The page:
100 Years of Leeds United - Daniel Chapman: How Don Revie's careful touch created a Whites legacy
To celebrate Leeds United's centenary and the club's rich heritage, the YEP will this week exclusively serialise tales from '100 Years of Leeds United' by author Daniel Chapman.
When he became manager in 1961, Don Revie’s first mission at Leeds United was to make the players care about the club, and he knew that first the club would have to care about them.
Getting Billy Bremner to understand that was not easy, because all Bremner cared about was Scotland, his girlfriend Vicky, and going home to her and his family.
Without telling Bremner, Revie began making trips to Stirling, meeting Vicky and telling her about his plans to build a top European team around her boyfriend, and how she could help.
Revie had an advantage here; his wife Elsie was Scottish, and he loved the country and people that Billy was missing so much. He knew how to assure Vicky that life in Leeds would not be so different, and make her understand that the rewards would be worthwhile.
That personal touch with talented schoolboys and their families was vital to filling the junior teams. Revie and chairman Harry Reynolds would travel hundreds of miles to wherever the boy called home, and having come so far, stay as long as they could.
They were easy company. In villages in Scotland or Wales, they were politely entering working-class homes where Leeds had never been heard of, but their own upbringings and homeliness put a boy’s parents at ease.
Here were two men like themselves, so Leeds could not be all that different to home. Rather than giving their boy a lavish lifestyle just for kicking a ball about, he would be well looked after and made to work hard, which was just what mum and dad wanted to hear.
Leeds United had never been associated with the best of anything, and Revie was prepared to force the connection. He introduced gleaming and unadorned all-white shirts, shorts and socks, an unashamed imitation of Real Madrid, the best team in the world.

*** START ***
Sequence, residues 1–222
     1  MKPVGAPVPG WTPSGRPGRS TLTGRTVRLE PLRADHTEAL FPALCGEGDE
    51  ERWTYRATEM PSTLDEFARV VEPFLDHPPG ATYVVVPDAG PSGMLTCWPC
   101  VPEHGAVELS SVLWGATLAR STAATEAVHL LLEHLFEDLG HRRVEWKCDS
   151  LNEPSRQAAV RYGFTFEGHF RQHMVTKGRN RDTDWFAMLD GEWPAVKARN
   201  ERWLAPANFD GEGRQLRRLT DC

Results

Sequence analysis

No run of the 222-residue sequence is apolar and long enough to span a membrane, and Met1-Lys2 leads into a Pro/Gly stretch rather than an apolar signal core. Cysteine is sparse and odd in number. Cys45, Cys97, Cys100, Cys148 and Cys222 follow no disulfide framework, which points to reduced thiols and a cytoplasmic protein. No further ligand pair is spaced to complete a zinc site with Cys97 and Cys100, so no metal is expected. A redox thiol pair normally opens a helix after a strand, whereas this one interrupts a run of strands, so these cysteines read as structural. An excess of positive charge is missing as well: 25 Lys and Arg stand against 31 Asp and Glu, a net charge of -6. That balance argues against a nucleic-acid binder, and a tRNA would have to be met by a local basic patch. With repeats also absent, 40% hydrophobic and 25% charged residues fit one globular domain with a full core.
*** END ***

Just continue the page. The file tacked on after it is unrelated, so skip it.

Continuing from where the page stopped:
Bremner attended their 7-3 demolition of Eintracht Frankfurt in the European Cup final at Hampden Park in 1960, one of the best performances in history by any football team; Revie was said to have acquired and regularly studied a film of the match.
The new strip was visible and immediate, the first thing anyone saw, but it took time for the rest of the club to catch up. Revie brought energy and ideas; above all, he cared. But in the first team he had only two really good players, and one of them, Bremner, was a homesick kid. The other was an overgrown youth who wasn’t homesick, but was sick to death of everything.
After so many arguments between them as players, when Don Revie called the team together and asked them to call him ‘boss’ it was the worst thing that could have happened to Jack Charlton.
He was 25, still obviously the best player in the team, but just as obviously no better than he had been at 19. If anything he had regressed, and if anybody knew it, it was him.
Charlton was desperate for better, enrolling on the technical courses at Lilleshall, the FA’s football school, becoming a fully qualified coach before he was 23, but expanding his horizons only emphasised how gloomy the skies were over Leeds’ training pitches on Fullerton Park.
Revie, the goody-two-shoes captain who had told Charlton that if he was manager he wouldn’t pick him, was now in a position to do just that. Instead, he offered Charlton the captaincy; Charlton turned it down. He also moved Charlton to centre-forward, hoping to recreate the John Charles effect; Charlton scored a few goals but fought the decision.
Being shoved out of position was, to him, just another example of how his chance of ever being somebody in football was being taken away by the fools around him. Charlton knew too much already about wasted talent.
His younger brother Robert was playing in the First Division for Manchester United and internationally for England, fêted as one of the best midfield players in Europe; he was part of a brilliant young team, assembled by Matt Busby, that looked destined to win the European Cup.
That dream ended on a frozen runway in Munich in 1958 when, travelling back from a match in Belgrade, Manchester United’s aeroplane crashed on take-off, killing eight players, three staff, eight journalists and two others.
Through Bobby, Jack was friends with all the players who died; you didn’t have to tell him about wasted talent. This was the atomic age and the Cold War era, when optimism was clashing with fatalism, when if the H-bomb didn’t get you, a tragedy like this might.
Who had time to waste their best years playing football for a fool like Don Revie, at a club like Leeds United
Daniel Chapman has co-edited Leeds United fanzine and podcast The Square Ball since 2011, taking it through this season’s 30th anniversary, and seven nominations for the Football Supporters’ Federation Fanzine of the Year award, winning twice. He’s the author of a new history book about the club, ‘100 Years of Leeds United, 1919-2019’, and is on Twitter as MoscowhiteTSB.